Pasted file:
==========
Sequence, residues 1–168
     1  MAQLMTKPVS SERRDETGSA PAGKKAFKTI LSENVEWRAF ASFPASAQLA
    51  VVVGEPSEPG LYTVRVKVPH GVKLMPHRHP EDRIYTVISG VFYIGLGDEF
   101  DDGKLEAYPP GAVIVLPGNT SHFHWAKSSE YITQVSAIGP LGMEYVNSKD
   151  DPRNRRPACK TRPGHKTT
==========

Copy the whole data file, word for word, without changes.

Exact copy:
Sequence, residues 1–168
     1  MAQLMTKPVS SERRDETGSA PAGKKAFKTI LSENVEWRAF ASFPASAQLA
    51  VVVGEPSEPG LYTVRVKVPH GVKLMPHRHP EDRIYTVISG VFYIGLGDEF
   101  DDGKLEAYPP GAVIVLPGNT SHFHWAKSSE YITQVSAIGP LGMEYVNSKD
   151  DPRNRRPACK TRPGHKTT